Home >News >India >Managing media to overseeing testing strategy, she does it all

In 2009, public health specialist Dr Daksha Shah headed Mumbai’s epidemiology cell during the swine flu pandemic. In 2016, amid a spike in tuberculosis cases in Mumbai, she was part of the team overseeing efforts to contain the outbreak.

Now once again, the deputy executive health officer of the Municipal Corporation of Greater Mumbai (MCGM) is busy engaging with the press, calmly detailing how covid-19 patients are faring and what steps the corporation is taking to contain the pandemic, switching between Marathi, English and Hindi with ease.

“Looking after media management is a large part of what I do," Shah said over the phone.

As a public health professional, a large part of her job is educating the city about the risks.

“There are several misinformation campaigns on social media and we make sure we address all of these and issue corrections. We don’t want to create panic among Mumbaikars, so we publish figures and advisories as required and, at the same time, we try to maintain patient confidentiality."

Shah also oversees planning and coordination of the city’s testing strategy while keeping a tab on the growing number of cases."I coordinate with physicians, mobilise resources, do the data management for the outbreak. I keep a close watch on new cases and generate reports for the public health department and brief the state and seniors.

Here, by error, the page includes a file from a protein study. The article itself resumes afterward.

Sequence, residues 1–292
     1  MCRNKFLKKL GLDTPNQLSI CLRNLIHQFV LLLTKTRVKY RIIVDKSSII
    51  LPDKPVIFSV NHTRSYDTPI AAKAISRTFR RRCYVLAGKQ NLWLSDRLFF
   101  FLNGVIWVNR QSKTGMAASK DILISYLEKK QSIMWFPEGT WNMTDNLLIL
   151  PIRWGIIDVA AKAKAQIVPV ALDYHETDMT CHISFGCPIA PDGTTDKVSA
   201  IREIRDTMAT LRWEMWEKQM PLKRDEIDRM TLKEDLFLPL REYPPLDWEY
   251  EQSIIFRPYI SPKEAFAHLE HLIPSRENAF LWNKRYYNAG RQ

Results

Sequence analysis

As of Monday, the city had reported 490 cases of covid-19 with 34 fatalities. Last week, the coronavirus infection reached congested slum clusters such as Worli-Koliwada and Dharavi, potentially putting millions of residents at risk.

“Mumbai is reporting so many cases because we scaled up testing here early," Shah said.

“Besides the five public labs, we brought in private sector labs. We traced every patient’s immediate contacts, we’re also testing asymptomatic contacts. We’re regularly testing hospital staff, doctors and nurses. We’ve introduced home collection of tests—all of this came into the ICMR (Indian Council of Medical Research) guidelines later."

“Covid-19 is a more serious threat because of the number of deaths that have been reported globally," Shah said.

“The H1N1 virus grew weaker after a while (but this isn’t happening with covid-19). The scale of our response is in line with the scale of the threat."

The lockdown has complicated things further, said the MCGM deputy executive health officer.

“With swine flu, there wasn’t a lockdown. Once you impose a lockdown, there are so many other things to handle besides just the health response. We have to make sure people and resources are mobilized as needed."

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